1. Ores, slag, ash: US$613.9 million (Up by 48.8% since 2016)
  2. Beverages, spirits, vinegar: $172.1 million (Up by 50.2%)
  3. Tobacco, manufactured substitutes: $162.4 million (Up by 39.1%)
  4. Copper: $74.8 million (Up by 18.1%)
  5. Fish: $14.8 million (Up by 81.4%)
  6. Aluminum: $11.6 million (Up by 28.3%)
  7. Vegetables: $8.6 million (Down by -43.3%)
  8. Vegetable/fruit/nut preparations: $6.8 million (Up by 35.7%)
  9. Live trees, plants, cut flowers: $6.7 million (Up by 138.6%)
  10. Iron, steel: $4.2 million (Down by -50%)

Armenia has highly positive net exports in the international trade of copper trailed by smaller amounts of black ink for zinc, molybdenum and precious metals ores or concentrates. In turn, these cashflows indicate Armenia’s strong competitive advantages under the ores, slag and ash product category.

Opportunities

Overall Armenia incurred a -$2 billion trade deficit for 2017, up 44.3% from -$1.4 billion one year earlier in 2016.

Below are exports from Armenia that result in negative net exports or product trade balance deficits. These negative net exports reveal product categories where foreign spending on home country Armenia’s goods trail Armenian importer spending on foreign products.

  1. Mineral fuels including oil: -US$556.4 million (Up by 10% since 2016)
  2. Machinery including computers: -$360.4 million (Up by 49.9%)
  3. Electrical machinery, equipment: -$243.3 million (Up by 16.3%)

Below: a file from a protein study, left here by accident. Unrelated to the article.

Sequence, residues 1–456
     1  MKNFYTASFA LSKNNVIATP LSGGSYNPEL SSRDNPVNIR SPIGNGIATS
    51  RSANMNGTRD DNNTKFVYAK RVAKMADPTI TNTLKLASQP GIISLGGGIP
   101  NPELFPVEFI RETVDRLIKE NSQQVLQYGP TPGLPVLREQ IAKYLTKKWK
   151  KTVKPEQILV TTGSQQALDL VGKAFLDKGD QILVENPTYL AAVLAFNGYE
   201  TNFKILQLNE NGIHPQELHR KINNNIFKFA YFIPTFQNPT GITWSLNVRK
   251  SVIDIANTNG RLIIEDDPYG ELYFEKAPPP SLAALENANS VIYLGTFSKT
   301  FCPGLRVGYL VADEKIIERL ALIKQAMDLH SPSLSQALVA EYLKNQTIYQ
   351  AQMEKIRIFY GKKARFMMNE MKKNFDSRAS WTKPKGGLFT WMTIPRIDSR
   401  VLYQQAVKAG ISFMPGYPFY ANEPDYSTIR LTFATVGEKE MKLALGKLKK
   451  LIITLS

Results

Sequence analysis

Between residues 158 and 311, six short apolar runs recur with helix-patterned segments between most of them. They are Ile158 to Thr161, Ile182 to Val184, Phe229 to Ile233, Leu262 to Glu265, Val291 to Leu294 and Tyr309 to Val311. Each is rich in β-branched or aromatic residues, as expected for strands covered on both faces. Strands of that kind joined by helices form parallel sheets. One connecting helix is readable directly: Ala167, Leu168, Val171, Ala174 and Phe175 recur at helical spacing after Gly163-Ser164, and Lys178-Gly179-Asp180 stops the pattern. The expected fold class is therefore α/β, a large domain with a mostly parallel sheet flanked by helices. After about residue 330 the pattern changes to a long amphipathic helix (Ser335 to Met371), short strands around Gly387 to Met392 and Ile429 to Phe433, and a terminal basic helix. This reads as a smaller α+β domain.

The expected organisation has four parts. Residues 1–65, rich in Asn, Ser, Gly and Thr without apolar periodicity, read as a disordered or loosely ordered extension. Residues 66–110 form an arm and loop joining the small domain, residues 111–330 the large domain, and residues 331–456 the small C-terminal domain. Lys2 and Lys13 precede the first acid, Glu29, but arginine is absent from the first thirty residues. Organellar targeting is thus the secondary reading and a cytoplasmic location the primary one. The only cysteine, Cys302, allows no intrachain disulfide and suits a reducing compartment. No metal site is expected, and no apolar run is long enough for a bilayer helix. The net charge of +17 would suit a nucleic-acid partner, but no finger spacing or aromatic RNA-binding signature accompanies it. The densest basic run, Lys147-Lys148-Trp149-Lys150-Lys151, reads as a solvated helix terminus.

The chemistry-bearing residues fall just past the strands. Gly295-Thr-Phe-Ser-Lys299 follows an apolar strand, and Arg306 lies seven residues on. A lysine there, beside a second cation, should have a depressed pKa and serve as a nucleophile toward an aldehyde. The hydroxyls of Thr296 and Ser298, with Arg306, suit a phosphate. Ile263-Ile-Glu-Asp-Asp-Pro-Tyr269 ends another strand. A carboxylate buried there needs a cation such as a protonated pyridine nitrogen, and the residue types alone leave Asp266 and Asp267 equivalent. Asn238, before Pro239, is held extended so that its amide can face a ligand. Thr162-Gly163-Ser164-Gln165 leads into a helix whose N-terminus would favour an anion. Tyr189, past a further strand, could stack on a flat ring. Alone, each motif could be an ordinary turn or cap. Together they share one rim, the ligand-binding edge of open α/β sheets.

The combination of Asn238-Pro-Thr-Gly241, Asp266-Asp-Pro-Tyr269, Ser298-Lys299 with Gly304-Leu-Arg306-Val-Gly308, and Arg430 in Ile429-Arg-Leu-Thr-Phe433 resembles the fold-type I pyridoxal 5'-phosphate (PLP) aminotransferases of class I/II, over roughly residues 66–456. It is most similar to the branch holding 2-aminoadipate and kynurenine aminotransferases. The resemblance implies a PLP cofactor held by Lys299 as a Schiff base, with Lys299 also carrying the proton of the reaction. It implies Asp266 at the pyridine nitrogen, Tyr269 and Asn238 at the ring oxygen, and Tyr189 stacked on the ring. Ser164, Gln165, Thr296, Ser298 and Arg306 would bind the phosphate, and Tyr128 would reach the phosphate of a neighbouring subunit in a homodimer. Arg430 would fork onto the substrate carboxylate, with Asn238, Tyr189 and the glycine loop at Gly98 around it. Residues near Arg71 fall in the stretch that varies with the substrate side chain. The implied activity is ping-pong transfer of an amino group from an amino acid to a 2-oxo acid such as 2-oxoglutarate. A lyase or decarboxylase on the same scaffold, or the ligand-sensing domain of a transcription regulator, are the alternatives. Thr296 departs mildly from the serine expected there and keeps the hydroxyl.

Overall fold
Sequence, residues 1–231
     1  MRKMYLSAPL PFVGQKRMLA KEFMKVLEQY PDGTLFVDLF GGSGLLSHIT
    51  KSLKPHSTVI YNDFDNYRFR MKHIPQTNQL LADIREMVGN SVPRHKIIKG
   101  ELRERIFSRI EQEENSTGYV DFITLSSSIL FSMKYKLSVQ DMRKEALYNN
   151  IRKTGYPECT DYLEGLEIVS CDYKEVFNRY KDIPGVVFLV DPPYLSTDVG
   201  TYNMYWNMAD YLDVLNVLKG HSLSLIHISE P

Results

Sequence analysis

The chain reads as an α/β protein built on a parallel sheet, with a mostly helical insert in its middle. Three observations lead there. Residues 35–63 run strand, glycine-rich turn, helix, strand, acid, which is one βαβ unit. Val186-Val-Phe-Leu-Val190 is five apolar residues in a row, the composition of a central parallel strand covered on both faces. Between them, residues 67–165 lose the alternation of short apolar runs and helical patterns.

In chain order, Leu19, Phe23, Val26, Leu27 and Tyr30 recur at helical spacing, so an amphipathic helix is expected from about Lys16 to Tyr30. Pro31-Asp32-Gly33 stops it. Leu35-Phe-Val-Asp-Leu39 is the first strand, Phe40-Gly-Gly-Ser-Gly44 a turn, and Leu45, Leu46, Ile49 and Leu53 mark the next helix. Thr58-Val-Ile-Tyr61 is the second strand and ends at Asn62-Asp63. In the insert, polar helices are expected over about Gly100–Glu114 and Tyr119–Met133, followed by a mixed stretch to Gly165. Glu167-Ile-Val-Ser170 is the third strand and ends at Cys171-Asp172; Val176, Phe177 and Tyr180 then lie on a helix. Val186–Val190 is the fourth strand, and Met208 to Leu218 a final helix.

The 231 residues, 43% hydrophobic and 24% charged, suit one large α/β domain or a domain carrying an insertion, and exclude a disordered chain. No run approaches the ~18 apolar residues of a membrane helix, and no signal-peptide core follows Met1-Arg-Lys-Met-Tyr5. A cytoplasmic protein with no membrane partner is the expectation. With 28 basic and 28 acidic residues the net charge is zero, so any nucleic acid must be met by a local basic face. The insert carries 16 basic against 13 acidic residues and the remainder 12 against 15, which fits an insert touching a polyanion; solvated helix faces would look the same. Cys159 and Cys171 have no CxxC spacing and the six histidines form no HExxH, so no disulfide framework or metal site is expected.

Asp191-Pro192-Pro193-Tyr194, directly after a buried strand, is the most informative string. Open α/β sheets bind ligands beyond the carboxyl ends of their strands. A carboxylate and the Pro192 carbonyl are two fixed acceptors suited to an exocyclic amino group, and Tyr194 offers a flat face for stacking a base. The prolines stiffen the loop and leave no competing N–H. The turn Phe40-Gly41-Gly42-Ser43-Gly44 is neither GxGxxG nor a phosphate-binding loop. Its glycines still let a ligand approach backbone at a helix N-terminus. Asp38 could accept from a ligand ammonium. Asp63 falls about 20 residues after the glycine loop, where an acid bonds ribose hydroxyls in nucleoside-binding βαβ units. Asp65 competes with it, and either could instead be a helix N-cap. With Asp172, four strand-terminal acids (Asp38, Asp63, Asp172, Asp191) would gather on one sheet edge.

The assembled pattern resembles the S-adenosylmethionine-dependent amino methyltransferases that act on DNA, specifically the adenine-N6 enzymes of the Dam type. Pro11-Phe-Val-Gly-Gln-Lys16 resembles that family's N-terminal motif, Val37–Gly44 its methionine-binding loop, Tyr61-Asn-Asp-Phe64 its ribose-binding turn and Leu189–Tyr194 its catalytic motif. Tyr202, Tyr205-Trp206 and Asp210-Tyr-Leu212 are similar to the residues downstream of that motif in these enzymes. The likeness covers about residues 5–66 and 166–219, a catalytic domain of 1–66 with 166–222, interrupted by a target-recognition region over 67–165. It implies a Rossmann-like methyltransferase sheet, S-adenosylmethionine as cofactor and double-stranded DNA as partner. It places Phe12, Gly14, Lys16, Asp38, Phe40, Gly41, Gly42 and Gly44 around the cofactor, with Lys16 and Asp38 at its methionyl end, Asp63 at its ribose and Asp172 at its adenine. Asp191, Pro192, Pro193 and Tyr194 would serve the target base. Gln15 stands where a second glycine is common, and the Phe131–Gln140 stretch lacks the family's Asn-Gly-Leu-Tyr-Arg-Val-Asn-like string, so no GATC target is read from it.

4. Pharmaceuticals: -$166.5 million (Up by 73.8%)
  5. Vehicles: -$147 million (Up by 60.1%)
  6. Plastics, plastic articles: -$108 million (Up by 33.4%)
  7. Articles of iron or steel: -$80.9 million (Up by 30.8%)
  8. Cereals: -$80.2 million (Up by 8.6%)
  9. Paper, paper items: -$71.8 million (Up by 20.4%)
  10. Sugar, sugar confectionery: -$66 million (Up by 99.2%)

Armenia has highly negative net exports and therefore deep international trade deficits for petroleum gases and refined oils under the mineral fuels including oil category.

Companies

Armenian Export Companies

Not one Armenian corporation ranks among Forbes Global 2000.

Wikipedia lists export-related companies from Armenia. Selected examples are shown below:

  • Ararat Cement (construction materials)
  • Avshar Wine Factory (winery)
  • Jermuk Mineral Water Factory (mineral water)
  • Kotayk Brewery (alcoholic beverages)
  • Multi Group Stone (stone works)
  • Ucom (telecommunications)
  • Yerevan Brandy Company (alcoholic beverages)
  • Yerevan Computer Research and Development Institute (technology)
  • Yerevan Confectionery and Macaroni Factory (food)
  • Zangezur Copper and Molybdenum (metals)


 
Armenia’s capital city is Yerevan.

See also Georgia’s Top Trading Partners, Turkey’s Top Trading Partners and Top Asian Countries

Research Sources:
Forbes 2016 Global 2000 rankings, The World’s Biggest Public Companies. Accessed on August 22, 2018

International Monetary Fund, World Economic Outlook Database (GDP based on Purchasing Power Parity). Accessed on August 22, 2018

Investopedia, Net Exports Definition. Accessed on August 22, 2018

The World Factbook, Country Profiles, Central Intelligence Agency. Accessed on August 22, 2018

Trade Map, International Trade Centre. Accessed on August 22, 2018

Wikipedia, Armenia. Accessed on August 22, 2018

Wikipedia, List of Companies of Armenia. Accessed on August 22, 2018